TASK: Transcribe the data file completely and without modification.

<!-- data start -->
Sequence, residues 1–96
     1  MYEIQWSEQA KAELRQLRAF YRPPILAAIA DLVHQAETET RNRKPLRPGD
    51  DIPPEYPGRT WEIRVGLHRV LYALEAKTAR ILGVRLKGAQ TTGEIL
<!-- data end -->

Sequence, residues 1–96
     1  MYEIQWSEQA KAELRQLRAF YRPPILAAIA DLVHQAETET RNRKPLRPGD
    51  DIPPEYPGRT WEIRVGLHRV LYALEAKTAR ILGVRLKGAQ TTGEIL